Last month, state regulators ruled that the telephone company had to provide rivals with access to its network, along with pre-packaged "bundles" of elements that go into providing complete telephone service.
Bell Atlantic late yesterday said regulators have gone too far, and have violated federal law.
"The decision would force Bell Atlantic to subsidize our competitors' entry into the local market by allowing them to use our network at rates that are significantly below our costs, or the costs they would incur if they built their own network," said Sherry Bellamy, CEO of Bell Atlantic in Maryland.
The lawsuit revolves around the power of state regulators to interpret the 1996 Telecommunications Act. That law was intended to jump-start competition in local phone markets by allowing rival local phone companies to purchase and resell wholesale network access from the dominant local companies.
The core of Bell Atlantic's suit--and of many similar disputes between local telephone companies and their regulators around the country--rests on the question of "bundled" network elements.
The elements in question, which range from dial tone to operator service, are already combined in the main local companies' networks. The Bell companies want to take them apart and offer them piecemeal to their rivals, allowing rivals to reassemble them for their own services.
But such an exercise would be inefficient and expensive, Maryland regulators say.
"Such separation and recombination serves no public purpose and provides no cost benefits," commission staffers wrote in their decision last month. "[Bell Atlantic] will incur additional costs in disassembling its network, and the competing carrier will also incur additional costs putting these elements back together again. These additional and unnecessary costs ultimately would be passed on to the consumer."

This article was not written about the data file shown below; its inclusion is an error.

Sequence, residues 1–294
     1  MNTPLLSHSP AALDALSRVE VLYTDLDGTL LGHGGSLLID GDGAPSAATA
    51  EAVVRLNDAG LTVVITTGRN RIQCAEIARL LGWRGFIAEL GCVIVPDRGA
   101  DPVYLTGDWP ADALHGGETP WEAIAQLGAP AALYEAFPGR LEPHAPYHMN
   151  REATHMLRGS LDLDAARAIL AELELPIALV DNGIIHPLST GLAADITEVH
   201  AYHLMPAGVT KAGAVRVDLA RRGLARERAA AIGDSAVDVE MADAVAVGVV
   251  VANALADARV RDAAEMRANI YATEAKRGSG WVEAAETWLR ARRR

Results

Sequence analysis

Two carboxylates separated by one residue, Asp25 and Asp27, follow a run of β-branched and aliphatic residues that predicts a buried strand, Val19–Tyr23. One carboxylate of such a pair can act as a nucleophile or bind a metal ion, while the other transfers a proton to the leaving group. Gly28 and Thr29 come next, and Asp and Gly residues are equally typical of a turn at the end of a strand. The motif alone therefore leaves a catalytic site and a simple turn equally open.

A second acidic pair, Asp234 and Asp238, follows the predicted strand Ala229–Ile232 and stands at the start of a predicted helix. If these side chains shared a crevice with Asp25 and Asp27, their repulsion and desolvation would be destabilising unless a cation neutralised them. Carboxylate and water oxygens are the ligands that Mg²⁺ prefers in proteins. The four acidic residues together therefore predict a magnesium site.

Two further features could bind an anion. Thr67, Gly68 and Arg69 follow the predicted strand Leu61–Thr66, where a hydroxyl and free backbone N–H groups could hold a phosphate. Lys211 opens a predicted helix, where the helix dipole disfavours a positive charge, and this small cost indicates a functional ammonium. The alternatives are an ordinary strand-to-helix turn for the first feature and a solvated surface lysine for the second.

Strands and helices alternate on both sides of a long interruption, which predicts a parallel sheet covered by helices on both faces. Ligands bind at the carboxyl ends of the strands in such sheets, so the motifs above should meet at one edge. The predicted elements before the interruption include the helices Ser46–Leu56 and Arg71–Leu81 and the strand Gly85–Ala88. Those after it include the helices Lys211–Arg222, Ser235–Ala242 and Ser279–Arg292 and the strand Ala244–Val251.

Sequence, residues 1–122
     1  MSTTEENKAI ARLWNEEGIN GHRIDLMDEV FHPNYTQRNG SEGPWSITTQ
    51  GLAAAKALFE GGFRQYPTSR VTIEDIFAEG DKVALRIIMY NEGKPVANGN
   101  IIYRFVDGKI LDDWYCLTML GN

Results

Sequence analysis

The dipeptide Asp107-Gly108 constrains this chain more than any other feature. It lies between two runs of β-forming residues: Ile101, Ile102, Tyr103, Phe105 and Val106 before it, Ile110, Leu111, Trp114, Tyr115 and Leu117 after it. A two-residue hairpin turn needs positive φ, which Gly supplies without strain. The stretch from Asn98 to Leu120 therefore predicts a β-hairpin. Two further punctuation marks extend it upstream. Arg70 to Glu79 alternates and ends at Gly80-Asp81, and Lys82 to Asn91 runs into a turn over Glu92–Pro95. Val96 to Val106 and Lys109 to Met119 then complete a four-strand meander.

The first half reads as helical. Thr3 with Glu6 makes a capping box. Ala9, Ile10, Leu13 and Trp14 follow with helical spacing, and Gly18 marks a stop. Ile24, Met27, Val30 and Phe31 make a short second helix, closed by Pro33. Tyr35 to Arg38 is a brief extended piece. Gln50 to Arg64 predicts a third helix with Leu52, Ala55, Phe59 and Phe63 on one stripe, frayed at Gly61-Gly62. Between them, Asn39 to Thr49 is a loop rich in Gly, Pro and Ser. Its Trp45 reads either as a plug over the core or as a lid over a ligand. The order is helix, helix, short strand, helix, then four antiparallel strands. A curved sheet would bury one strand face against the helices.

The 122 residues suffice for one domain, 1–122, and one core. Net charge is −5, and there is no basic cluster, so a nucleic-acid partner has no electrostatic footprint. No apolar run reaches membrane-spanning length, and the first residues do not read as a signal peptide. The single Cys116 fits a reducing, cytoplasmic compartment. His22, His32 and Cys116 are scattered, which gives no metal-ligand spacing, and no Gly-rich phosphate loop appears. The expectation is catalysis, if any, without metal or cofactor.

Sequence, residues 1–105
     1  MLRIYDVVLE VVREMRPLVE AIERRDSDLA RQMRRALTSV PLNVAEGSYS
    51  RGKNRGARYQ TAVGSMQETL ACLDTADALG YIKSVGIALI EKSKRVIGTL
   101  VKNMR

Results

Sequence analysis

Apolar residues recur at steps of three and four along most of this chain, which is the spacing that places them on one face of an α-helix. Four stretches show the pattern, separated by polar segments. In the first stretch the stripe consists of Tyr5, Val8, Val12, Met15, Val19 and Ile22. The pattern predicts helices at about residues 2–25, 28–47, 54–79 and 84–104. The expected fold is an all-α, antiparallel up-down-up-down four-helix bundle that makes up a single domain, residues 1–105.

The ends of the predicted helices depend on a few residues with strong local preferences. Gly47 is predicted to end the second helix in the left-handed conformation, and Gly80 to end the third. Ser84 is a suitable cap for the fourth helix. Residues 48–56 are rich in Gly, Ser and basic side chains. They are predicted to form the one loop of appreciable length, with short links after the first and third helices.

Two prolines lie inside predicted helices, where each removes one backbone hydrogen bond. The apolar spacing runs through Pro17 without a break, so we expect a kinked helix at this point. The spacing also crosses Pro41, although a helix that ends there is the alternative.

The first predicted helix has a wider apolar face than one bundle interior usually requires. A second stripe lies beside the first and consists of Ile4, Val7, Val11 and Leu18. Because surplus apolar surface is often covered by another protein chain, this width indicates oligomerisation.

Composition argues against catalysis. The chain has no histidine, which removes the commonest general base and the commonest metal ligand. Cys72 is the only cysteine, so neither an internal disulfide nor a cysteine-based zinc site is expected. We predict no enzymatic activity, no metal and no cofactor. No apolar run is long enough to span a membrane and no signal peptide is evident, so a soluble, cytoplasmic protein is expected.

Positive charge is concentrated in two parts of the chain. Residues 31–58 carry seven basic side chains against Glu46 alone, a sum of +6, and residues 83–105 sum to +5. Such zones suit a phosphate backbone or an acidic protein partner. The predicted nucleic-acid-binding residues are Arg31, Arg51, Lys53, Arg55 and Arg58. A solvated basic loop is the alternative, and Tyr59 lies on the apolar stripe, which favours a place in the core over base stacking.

But Bell officials say the state regulators are exceeding their legal authority, and are skewing the competitive market. The 1996 law does not say states have the ability to require companies to sell bundled services, and a 1997 court decision explicitly took this power away from the FCC, company officials note.
"Instead of fostering investment in the state's telecommunications market, the [Commission] has made it clear that Bell Atlantic's competitors in Maryland do not have to invest or build their own networks," Bellamy said. "That is not good for Marylanders, and it is not what Congress intended."
The company wants the court to overturn the state regulators' pricing order, and revisit the bundling issue.
If the court rules with regulators, it could point the way for expanding state powers to push local competition. To date, most state regulatory bodies that have ruled on the issue have said that the Bell companies have delayed opening their markets to rivals, but have had only limited success in speeding the process.